Two recent decisions issued by the U.S. Bankruptcy Court for the Central District of Illinois may seriously undermine the methods commonly used by financial institutions and other lenders to perfect their security interests in collateral. While these decisions are currently controlling only within the Central District of Illinois, if upheld on appeal, they may be used to challenge the perfection of security interests throughout Illinois.On January 6, 2012, U.S. Bankruptcy Judge Gerald D. Fines ruled that the subject lender bank’s financing statement did not perfect a security interest under Section 9-503 of the Illinois Uniform Commercial Code. The financing statement had been filed using the name commonly used by the debtor in his various business transactions. The debtor had signed the loan documents and the financing statement as “Bennie A. Miller,” and his driver’s license, social security card, the deed for his residence and his tax returns all carried the name “Bennie A. Miller.” However, the debtor’s legally given name as it appeared on his birth certificate was “Ben Miller.”The parties agreed that a UCC lien search under the name “Ben Miller,” using the Illinois Secretary of State’s standard search logic, would not lead to the discovery of the bank’s financing statement. The court determined that if a search using the legal name does not disclose a financing statement using a different name or variation of that name, then the financing statement that is filed under a variation name is “seriously misleading” and subject to avoidance. According to Judge Fines, Article 9 of the Illinois Commercial Code requires that a financing statement contain the debtor’s legal name. Accordingly, the court ruled that the bank’s financing statement filed under the name “Bennie A. Miller” failed to establish a perfected lien against the debtor’s assets. The court noted that other states have amended the UCC to address the situation presented in this case; however, Illinois has not adopted these revisions.A second decision issued by Judge Fines, on February 29, 2012, addressed whether a bank’s mortgage could be voided by either a bankruptcy trustee or a subsequent bona fide purchaser if the mortgage documents previously recorded by the mortgage lender failed to contain all of the items referenced under Section 11 of the Illinois Conveyances Act. In this case, the mortgage documents recorded by the bank failed to specifically identify the interest rate and the maturity date of the mortgage obligation. Section 11 of the Illinois Conveyances Act sets forth a brief description of what should be contained in a mortgage. However, the introductory language to Section 11 is as follows: “Mortgages of land may be substantially in the following form: . . .” (italics added). The court ruled that all of the elements referenced under Section 11 of the Illinois Mortgage Conveyances Act must be included in a mortgage. In the court’s view, Section 11’s requirements are mandatory and not permissive even though Section 11 uses the word “may.” The court determined that the mandatory inclusion of the elements contained in Section 11 in the mortgage will provide constructive notice of the mortgage lender’s interest to a subsequent bona fide purchaser or a trustee in bankruptcy. The court held that the two mortgages in question were effective as between the original debtor and the bank. It ruled, however, that the failure to fully comply with the requirements imposed under the Illinois Conveyances Act allowed the bankruptcy trustee (standing in the shoes of a subsequent bona fide purchaser) to avoid the bank’s lien on the properties because the bank’s recorded mortgages failed to provide the trustee with constructive notice of the bank’s liens. The court decided that the real estate subject to the bank’s recorded mortgages was to be preserved by the trustee for the benefit of the debtor’s bankruptcy estate and that the bank’s security interest was avoidable as to unsecured creditors.Although both of these decisions are being appealed, it is important that bankers and other lenders recognize their impact upon perfecting and protecting their security interests. Bankers and lenders should carefully consider whether they need to develop procedures to address the deficiencies raised by the Court’s rulings. For more information, please contact Tim Sullivan, Michael D. Morehead or your regular Hinshaw attorney.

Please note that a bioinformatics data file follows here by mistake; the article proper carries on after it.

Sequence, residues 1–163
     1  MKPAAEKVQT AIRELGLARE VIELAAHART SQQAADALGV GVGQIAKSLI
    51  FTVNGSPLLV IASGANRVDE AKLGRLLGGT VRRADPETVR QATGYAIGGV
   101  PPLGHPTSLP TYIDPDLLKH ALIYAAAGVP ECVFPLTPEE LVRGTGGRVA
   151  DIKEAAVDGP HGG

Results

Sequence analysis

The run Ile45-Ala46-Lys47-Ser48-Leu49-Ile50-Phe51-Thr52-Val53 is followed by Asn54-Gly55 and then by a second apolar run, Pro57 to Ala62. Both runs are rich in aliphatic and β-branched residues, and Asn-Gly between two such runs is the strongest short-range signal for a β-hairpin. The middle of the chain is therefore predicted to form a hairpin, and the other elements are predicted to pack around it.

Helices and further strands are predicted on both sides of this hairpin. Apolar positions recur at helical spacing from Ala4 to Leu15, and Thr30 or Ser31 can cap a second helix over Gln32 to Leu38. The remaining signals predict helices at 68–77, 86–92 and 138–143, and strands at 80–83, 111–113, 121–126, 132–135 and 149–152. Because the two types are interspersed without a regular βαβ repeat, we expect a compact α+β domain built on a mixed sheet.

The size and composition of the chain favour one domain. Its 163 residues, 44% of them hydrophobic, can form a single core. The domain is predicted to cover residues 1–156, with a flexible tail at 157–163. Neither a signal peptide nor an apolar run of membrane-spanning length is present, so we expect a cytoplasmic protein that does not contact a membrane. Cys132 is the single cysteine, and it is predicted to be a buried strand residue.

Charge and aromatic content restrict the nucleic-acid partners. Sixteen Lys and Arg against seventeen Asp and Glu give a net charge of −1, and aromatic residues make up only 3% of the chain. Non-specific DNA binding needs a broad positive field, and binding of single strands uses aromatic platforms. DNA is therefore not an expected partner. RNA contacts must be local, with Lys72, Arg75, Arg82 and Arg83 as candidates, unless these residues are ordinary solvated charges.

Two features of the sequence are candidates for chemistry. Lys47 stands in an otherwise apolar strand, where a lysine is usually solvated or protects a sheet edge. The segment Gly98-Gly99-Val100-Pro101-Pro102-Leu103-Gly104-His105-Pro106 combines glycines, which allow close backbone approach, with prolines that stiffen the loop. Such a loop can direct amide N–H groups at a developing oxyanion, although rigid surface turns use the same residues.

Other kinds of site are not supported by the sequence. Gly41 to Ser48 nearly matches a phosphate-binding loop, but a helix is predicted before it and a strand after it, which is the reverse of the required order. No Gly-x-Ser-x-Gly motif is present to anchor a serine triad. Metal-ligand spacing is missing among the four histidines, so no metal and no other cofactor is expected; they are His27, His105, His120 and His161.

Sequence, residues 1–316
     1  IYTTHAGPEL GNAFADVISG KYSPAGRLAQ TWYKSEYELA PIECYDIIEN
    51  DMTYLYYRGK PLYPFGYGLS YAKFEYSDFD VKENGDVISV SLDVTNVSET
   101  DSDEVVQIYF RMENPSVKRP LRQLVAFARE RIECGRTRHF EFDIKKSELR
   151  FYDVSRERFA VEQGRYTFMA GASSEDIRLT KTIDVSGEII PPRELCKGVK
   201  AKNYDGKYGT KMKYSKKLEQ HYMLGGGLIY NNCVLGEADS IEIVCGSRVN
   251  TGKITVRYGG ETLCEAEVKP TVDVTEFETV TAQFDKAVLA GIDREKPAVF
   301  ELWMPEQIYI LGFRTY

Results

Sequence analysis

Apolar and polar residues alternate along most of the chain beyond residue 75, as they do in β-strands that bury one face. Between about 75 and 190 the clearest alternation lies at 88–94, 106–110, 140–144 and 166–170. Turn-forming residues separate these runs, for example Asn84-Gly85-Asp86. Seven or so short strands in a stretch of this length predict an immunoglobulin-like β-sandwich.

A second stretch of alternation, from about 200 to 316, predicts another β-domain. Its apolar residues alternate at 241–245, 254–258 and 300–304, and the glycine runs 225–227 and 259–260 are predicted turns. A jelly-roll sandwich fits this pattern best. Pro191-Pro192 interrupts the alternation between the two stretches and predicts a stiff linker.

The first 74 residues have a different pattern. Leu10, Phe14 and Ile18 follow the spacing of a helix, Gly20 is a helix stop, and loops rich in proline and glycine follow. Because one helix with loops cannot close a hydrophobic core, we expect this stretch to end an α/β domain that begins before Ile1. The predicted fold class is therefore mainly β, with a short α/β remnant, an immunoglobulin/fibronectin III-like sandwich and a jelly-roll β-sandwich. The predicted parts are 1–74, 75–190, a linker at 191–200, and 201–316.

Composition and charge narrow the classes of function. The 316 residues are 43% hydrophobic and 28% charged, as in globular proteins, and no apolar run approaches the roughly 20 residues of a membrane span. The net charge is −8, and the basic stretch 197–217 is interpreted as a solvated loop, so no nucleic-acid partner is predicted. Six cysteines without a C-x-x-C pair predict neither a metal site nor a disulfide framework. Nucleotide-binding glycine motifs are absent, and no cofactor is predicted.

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This alert has been prepared by Hinshaw & Culbertson LLP to provide information on recent legal developments of interest to our readers. It is not intended to provide legal advice for a specific situation or to create an attorney-client relationship.